Editorial . March . 2015

Swayambhu is central to the myth of the creation of Kathmandu valley. When Manjushree descended from the Wutai Mountains in China and cut open a gorge at Chobhar draining the ancient lake, a lotus descended on a hill to form the stupa of Swayambhunath. Ages later, the sacred site continues to attract both locals and tourists alike and leads the list of the must-visit destinations in Kathmandu.

Even as the dslr laden sight-seers and prayer laden pilgrims throng the stupa, a multitude of monkeys populated the premises as well. So much so, the stupa has been lovingly dubbed the “Monkey Temple”. In this issue of ECS NEPAL we embark on a project to chart the lives of our distant evolutionary cousins who have made Swayambhu their home as well. This seemingly rag-tag band of monkeys live in a fascinating world; a world that we invite our readers to explore with us.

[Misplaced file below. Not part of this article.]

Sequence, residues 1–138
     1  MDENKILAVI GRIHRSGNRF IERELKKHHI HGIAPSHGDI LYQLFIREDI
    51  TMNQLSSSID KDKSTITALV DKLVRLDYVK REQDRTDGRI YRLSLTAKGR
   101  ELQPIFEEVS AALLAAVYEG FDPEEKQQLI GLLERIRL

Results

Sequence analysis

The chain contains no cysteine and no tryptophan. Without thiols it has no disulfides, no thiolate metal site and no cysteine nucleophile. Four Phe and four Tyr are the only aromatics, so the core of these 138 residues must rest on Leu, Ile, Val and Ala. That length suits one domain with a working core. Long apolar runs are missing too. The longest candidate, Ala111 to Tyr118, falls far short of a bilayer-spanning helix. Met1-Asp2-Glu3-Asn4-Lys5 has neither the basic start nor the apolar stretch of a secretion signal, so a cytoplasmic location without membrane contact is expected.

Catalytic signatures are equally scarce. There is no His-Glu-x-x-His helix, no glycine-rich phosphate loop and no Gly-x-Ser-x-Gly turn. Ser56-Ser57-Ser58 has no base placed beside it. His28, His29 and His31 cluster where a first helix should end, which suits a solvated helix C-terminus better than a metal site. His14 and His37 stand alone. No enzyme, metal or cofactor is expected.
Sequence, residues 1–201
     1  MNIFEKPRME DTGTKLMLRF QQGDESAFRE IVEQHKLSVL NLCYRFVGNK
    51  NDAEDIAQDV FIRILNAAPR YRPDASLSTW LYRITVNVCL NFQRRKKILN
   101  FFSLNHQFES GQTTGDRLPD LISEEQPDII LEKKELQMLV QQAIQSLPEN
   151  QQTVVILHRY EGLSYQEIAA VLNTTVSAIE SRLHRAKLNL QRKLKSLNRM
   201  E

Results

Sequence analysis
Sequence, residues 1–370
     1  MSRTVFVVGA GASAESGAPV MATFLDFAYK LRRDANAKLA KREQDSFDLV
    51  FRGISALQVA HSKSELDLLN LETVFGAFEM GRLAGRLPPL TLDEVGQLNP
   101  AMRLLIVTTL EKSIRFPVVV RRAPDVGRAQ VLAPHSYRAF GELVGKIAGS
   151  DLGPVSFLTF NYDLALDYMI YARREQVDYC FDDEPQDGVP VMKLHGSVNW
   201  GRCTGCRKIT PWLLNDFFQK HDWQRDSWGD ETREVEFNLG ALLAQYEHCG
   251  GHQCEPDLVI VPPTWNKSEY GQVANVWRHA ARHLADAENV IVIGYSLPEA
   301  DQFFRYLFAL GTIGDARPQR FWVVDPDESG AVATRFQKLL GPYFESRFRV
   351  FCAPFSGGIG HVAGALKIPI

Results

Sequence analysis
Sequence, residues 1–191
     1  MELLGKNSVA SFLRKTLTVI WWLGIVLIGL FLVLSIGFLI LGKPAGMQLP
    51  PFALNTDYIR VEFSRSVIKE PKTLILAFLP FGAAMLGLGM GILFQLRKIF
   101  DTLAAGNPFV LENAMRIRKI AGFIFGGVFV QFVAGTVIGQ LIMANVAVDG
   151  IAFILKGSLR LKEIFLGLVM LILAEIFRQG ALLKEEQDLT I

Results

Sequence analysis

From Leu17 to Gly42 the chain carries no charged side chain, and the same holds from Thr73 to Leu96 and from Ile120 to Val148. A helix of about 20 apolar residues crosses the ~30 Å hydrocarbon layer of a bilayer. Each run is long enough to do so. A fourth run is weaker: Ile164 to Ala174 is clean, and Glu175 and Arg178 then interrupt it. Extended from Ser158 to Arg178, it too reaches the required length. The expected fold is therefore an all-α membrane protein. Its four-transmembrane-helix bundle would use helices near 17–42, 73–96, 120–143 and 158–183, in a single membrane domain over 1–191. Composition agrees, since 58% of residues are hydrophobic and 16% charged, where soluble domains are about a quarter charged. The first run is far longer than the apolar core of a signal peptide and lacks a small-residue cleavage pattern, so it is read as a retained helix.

This issue also includes the tales of two Peace Corps volunteers who over the past decades have helped spread The Nepali Way across the world. Kevin Bubriski and Thomas Kelly are both photographers who have immersed themselves in Nepal and Nepali culture and have chosen the same medium, yet different lenses to portray this country that they fell in love with. Read more about their different journeys and the different stories they sought to tell. We suspect you too will be as fascinated as we were. 

Happy reading and bon appétit!